Monday, September 5, 2011

Look at that Face...#BlogElul

No one ever takes pictures of me while eating.
(Thank goodness.)
I'm just not nearly as cute as this.

When do we stop being adorable for making a mess?
Of course, it's the month of I'm thinking about forgiveness.

And of course, it's the month of Elul, so this reminds me of a story.
(Or, as one of my friends says, it's ME, so everything reminds me of a story.)

Dr. Rachel Naomi Remen, one of my favorite writers and teachers, had gone to hear a well-known rabbi speak on Yom Kippur, that most holy of days, and she was expecting to hear about God’s forgiveness. "Instead," she writes, the rabbi "walked out into the congregation, took his infant daughter from his wife, and, carrying her in his arms, stepped up to the bimah or podium. The little girl was perhaps a year old and she was adorable. From her father’s arms she smiled at the congregation. Every heart melted. Turning toward her daddy, she patted him on the cheek with her tiny hands. He smiled fondly at her and with his customary dignity began a rather traditional Yom Kippur sermon, talking about the meaning of the holiday. "The baby girl, feeling his attention shift away from her, reached forward and grabbed his nose. Gently he freed himself and continued the sermon. After a few minutes, she took his tie and put it in her mouth. The entire congregation chuckled. The rabbi rescued his tie and smiled at his child. She put her tiny arms around his neck. Looking at us over the top of her head, he said, ‘Think about it. Is there anything she can do that you could not forgive her for?’ Throughout the room people began to nod in recognition, thinking perhaps of their own children and grandchildren. Just then, she reached up and grabbed his eyeglasses. Everyone laughed out loud. "Retrieving his eyeglasses and settling them on his nose, the rabbi laughed as well. Still smiling, he waited for silence. When it came, he asked ‘And when does that stop? When does it get hard to forgive: At three? At seven" At fourteen? At thirty-five? How old does someone have to be before you forget that everyone is a child of God?’"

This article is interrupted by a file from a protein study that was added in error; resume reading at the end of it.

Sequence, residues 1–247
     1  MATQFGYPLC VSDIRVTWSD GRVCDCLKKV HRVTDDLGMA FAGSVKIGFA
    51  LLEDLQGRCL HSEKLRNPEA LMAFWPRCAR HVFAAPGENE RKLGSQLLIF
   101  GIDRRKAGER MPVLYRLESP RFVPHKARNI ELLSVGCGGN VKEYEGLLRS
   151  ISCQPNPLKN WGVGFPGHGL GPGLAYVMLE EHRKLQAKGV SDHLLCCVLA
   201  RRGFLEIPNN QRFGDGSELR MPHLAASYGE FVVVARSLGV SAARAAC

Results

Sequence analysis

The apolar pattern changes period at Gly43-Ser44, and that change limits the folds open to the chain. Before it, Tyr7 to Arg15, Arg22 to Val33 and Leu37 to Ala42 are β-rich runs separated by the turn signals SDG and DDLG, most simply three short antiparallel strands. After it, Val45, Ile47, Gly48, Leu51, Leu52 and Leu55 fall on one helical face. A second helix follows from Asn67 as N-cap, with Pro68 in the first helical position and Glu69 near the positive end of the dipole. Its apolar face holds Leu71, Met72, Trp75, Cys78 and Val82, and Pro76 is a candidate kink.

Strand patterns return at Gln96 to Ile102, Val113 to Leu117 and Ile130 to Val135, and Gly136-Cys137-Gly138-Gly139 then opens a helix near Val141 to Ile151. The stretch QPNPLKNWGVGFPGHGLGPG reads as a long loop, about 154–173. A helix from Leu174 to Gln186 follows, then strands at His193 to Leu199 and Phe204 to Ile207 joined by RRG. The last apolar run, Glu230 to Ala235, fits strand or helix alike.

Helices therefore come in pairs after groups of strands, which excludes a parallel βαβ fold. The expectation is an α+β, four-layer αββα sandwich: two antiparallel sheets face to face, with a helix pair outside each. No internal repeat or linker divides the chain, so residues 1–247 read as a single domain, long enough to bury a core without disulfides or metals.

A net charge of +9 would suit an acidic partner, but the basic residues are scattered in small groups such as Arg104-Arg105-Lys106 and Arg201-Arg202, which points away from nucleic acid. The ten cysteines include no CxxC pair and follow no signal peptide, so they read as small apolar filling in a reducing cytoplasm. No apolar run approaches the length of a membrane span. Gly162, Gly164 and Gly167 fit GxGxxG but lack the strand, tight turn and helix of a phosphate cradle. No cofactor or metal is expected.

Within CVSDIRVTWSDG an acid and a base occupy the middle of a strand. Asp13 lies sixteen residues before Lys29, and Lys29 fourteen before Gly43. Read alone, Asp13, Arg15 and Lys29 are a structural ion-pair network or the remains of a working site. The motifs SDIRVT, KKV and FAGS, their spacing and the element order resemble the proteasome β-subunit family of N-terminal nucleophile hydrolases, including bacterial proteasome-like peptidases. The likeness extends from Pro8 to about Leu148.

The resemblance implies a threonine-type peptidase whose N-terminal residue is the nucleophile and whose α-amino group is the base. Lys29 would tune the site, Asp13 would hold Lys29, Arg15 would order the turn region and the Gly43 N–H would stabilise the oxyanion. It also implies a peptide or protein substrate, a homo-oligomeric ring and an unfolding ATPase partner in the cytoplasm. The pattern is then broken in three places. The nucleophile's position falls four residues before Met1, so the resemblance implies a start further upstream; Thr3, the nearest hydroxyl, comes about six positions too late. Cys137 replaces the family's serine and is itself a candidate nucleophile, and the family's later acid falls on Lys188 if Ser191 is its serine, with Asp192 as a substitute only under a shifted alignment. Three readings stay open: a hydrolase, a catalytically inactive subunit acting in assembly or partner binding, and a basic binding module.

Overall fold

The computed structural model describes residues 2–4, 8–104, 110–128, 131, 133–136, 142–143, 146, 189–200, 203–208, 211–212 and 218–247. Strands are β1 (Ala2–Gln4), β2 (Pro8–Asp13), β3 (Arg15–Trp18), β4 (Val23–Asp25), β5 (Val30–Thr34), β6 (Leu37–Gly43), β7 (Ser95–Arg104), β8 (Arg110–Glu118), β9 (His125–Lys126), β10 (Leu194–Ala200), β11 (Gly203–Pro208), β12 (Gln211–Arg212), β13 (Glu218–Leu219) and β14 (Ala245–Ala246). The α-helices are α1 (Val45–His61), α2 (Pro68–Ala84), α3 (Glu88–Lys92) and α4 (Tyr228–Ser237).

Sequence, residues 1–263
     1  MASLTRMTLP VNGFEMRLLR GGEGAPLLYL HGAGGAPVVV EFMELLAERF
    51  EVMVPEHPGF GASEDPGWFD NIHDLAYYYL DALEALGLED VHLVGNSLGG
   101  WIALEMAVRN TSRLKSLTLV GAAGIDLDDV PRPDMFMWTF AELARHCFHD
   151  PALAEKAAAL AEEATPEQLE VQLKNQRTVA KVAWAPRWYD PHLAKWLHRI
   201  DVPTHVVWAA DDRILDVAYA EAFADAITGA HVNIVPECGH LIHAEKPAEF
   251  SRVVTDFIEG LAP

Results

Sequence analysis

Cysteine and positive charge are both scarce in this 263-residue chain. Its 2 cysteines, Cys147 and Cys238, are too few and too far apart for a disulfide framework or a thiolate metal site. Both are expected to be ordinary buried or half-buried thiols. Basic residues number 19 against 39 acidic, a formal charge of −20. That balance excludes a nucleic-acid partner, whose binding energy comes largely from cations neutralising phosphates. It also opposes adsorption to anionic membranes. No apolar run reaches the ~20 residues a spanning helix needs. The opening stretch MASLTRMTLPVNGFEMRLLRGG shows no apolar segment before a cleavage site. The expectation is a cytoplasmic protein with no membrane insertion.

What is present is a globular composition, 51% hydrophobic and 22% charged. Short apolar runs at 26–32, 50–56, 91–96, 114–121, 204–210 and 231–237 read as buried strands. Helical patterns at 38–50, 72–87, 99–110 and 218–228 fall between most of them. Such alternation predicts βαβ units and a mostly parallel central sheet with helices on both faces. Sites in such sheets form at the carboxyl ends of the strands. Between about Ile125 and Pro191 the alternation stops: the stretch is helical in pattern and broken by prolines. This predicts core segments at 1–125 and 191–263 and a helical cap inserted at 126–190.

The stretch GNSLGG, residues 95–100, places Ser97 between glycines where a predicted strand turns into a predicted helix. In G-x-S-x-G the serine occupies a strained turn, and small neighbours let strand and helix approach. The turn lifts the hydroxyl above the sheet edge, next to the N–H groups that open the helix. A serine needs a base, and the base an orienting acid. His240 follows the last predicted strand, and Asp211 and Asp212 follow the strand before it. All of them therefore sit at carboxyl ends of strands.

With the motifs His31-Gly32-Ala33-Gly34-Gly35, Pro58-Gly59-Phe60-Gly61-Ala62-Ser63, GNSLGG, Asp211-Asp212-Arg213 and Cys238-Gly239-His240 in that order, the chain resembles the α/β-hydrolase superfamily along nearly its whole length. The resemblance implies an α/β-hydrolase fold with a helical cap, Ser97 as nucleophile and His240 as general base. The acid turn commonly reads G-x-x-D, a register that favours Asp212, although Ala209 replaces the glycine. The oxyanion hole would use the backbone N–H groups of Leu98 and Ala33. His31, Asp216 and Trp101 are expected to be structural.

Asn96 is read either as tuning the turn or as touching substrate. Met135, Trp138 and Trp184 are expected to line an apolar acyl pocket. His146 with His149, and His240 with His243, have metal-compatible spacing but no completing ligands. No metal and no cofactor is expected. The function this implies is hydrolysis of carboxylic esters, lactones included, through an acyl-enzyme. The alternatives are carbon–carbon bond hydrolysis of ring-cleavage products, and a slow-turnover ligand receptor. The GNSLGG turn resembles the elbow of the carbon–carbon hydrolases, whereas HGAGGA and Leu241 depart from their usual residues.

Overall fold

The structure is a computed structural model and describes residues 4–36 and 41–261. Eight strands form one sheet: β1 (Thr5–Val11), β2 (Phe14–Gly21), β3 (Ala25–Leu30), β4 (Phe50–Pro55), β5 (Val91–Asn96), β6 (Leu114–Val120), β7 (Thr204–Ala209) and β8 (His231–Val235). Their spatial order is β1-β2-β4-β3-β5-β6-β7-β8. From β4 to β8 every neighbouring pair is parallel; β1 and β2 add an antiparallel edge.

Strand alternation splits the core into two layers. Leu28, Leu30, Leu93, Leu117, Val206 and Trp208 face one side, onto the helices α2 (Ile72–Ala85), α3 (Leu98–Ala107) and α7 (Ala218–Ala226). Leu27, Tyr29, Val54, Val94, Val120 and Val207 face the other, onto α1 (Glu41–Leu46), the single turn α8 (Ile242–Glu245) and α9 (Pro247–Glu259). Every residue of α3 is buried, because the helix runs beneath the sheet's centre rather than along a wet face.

Look at that shayna punim.
May his sweet face always be a reminder of his inner spark of the Divine.
And may we always be able to see that sweet inner spark in everyone we meet.

The Jewish month of Elul, which precedes the High Holy Days, is traditionally a time of renewal and reflection. It offers a chance for spiritual preparation for the Days of Awe. It is traditional to begin one’s preparation for the High Holy Days during this month with the Selichot, the prayers of forgiveness. We look to begin the year with a clean slate, starting anew, refreshed. All month, I'll be blogging (except on Shabbat) a thought for each day to help with your month of preparation... Most of my #BlogElul posts will be over at my other blog,, so feel free to visit me there or follow me on Twitter to read all my #BlogElul posts and others' posts too!


Robin said...

How beautiful. Both the punim and the story.

Sylvia Rouss said...

I love your blog and have posted some of your comments on my blog. But right now I want to ask your help in getting the word out about this
new project.

"Jognau, the Dreamer” is an original story by award winning author
Sylvia Rouss and Raoul Wallenberg Prize recipient Ambassador Asher
Naim, illustrated by Dawn Phillips. The animated version is narrated
by Geoffrey Bennett and produced by Jordan Rouss. The story can be
viewed as an animated version, &/or downloaded as both a book and a
coloring book. All are free.

Please feel free to share the link.

Sylvia Rouss